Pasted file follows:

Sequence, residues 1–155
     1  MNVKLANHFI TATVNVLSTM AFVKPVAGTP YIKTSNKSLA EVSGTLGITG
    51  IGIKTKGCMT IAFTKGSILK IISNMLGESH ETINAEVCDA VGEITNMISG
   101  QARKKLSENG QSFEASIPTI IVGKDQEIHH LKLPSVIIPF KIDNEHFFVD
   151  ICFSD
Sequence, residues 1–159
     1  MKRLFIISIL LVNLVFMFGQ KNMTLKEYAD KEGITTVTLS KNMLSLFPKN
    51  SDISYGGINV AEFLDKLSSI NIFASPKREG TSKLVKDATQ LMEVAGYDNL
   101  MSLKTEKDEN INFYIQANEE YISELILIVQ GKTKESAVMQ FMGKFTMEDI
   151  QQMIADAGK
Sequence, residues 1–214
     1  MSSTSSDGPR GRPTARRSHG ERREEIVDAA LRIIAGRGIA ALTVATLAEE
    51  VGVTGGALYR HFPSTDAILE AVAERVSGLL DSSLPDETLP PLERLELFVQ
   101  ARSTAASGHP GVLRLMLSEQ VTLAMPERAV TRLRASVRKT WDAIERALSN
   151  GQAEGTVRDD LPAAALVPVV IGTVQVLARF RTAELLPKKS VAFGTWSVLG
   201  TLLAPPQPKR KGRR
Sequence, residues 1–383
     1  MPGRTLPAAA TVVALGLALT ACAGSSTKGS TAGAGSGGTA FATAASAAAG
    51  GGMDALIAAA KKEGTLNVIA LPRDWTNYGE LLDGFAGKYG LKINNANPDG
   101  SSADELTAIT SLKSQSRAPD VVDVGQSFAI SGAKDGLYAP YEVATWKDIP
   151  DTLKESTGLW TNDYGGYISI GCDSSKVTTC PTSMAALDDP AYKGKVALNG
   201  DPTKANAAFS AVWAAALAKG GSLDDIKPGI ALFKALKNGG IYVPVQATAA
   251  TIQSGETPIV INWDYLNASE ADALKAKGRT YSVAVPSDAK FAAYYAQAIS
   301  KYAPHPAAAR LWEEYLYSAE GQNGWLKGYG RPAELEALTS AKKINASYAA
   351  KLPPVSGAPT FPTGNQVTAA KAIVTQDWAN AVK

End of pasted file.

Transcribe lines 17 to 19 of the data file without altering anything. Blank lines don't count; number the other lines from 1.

Sequence, residues 1–383
     1  MPGRTLPAAA TVVALGLALT ACAGSSTKGS TAGAGSGGTA FATAASAAAG
    51  GGMDALIAAA KKEGTLNVIA LPRDWTNYGE LLDGFAGKYG LKINNANPDG